Grefenstette points out that the first two problems are also found in machine translation, and still require research for fully effective solutions. The third problem is one that clearly distinguishes MLIR from both MT and IR.
Oard (1998), in presentations during the Workshops on MLIR, outlined a historical view of CLIR that is user-centered in nature. He views the overall problem of CLIR as a series of processes, including query formulation and document selection, involving feedback from system to user and from user to system. The system-internal processes of indexing, document processing, and matching are treated as components supporting direct user interaction. He presents three points of historical perspective:
Oard's five challenges for the next five years are given in Section 2.4 below.
Klavans (1999) approaches the central problems in a somewhat different way, focusing on two sets of issues. One set involves three questions relating to the parts of the query-retrieval process, and the other set relates to user needs.
Usability Issues. IR systems present two main interface challenges: first, how to permit a user to input a query in a natural and intuitive way, and second, how to enable the user to interpret the returned results. A component of the latter encompasses ways to permit a user to comment and provide feedback on results and to iteratively improve and refine results. MLIR brings an added complexity to the standard IR task. Users can have different abilities for different languages, affecting their ability to form queries and interpret results. For example, a user might be proficient in understanding documents in French, but could not produce a query in French. In this case, the user will need to formulate a query in his native language, but will want documents returned only in French, not translated. At the same time, this user may have spotty knowledge of German. In this case, he might request a set of key terms translated to his native language, and not want to view source documents in German at all. Or he may simply want a numerical count, in order to know that for a given query, there are a certain number in German, a certain number in French, a certain number in Vietnamese, and so on. In addition, knowing the specific sources of relevant information may also be very valuable.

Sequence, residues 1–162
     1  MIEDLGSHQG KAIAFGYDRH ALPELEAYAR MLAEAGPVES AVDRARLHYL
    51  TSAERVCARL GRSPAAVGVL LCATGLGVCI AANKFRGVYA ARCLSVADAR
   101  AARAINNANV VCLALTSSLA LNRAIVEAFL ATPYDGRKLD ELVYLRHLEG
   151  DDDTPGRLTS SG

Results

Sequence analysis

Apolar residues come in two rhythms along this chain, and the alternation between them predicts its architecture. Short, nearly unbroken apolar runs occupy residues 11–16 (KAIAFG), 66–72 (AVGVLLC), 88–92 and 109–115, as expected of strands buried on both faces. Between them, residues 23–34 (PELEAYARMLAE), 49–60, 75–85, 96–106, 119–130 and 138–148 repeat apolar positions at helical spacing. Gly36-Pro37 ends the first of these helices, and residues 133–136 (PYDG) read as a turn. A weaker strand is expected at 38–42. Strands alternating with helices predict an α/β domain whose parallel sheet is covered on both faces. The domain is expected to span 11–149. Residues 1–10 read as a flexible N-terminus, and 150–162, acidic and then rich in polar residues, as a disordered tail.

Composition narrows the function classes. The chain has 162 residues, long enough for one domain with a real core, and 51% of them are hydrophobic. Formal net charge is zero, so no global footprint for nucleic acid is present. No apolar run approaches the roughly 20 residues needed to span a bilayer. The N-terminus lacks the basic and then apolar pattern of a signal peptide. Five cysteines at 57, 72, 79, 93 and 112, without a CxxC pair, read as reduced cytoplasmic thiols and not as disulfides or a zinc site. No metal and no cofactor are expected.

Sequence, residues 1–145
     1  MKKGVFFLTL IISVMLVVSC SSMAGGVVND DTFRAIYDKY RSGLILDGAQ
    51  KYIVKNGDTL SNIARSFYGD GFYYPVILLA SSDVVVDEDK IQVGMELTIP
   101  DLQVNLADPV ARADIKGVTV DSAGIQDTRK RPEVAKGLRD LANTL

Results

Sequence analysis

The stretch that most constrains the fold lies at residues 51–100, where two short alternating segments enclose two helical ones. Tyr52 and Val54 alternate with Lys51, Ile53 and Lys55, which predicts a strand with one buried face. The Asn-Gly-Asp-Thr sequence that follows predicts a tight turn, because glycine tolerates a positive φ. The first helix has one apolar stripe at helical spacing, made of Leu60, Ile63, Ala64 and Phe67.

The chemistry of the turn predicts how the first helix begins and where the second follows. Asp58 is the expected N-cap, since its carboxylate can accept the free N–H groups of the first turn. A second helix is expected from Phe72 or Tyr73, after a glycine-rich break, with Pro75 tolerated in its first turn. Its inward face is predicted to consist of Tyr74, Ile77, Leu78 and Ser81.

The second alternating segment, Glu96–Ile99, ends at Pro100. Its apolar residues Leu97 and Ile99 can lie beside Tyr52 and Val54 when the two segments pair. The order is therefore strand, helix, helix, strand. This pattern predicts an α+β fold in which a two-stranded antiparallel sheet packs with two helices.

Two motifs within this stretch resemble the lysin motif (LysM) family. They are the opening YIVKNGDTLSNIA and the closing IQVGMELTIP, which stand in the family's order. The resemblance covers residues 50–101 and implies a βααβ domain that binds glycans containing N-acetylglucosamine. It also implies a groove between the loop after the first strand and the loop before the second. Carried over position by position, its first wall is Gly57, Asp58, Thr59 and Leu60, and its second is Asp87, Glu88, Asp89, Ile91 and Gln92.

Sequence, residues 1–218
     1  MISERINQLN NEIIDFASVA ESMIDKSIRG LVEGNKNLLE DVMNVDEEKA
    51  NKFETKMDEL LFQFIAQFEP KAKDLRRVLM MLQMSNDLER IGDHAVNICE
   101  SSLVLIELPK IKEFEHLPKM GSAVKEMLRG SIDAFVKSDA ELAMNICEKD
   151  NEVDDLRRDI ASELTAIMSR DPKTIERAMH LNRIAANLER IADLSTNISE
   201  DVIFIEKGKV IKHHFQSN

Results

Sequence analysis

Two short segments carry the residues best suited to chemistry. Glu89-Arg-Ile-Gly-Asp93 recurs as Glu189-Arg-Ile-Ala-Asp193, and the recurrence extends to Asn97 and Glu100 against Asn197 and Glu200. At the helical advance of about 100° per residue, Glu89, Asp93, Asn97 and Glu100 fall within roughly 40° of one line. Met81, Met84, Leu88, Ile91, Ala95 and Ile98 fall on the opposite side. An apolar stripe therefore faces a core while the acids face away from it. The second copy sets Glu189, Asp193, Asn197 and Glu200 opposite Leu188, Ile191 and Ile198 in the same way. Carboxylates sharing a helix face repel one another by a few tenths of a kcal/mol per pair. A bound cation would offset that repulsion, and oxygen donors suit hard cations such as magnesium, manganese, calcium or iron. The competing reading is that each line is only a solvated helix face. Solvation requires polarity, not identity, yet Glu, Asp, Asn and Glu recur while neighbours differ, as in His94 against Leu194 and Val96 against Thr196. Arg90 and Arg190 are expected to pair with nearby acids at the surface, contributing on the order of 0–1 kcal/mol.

Since research and applications in MLIR are so new, a full understanding of user needs has yet to be developed and tested. However, these needs differ from simple MT needs, given the user query production and refinement stages.
2.1.4 Summary of Technical Challenges
MLIR involves at least the following four technical challenges:
2.2 Where We Were Five Years Ago
2.2.1 Capabilities Then
The lure of cross language information retrieval attracted experimentation by the IR community early on. Already in 1971, Salton showed that the use of a transfer dictionary for English and French (a bilingual wordlist with predefined mappings between terms) could be used to translate from a query in one language to another (Salton, 1971). This experiment, although ignoring the realistic and challenging problem of ambiguity, nonetheless served the information retrieval community well in providing a model for a viable approach to cross language IR. However, at the same time, the experiment also illustrated some of the exceedingly difficult problems in the language translation and mapping component of a system, namely one to many mappings, gaps in term translations, and ambiguity. Similarly, in a manual test with a small corpus, Pevzner (1972) showed for English and Russian that a controlled thesaurus can be used effectively for query term translation.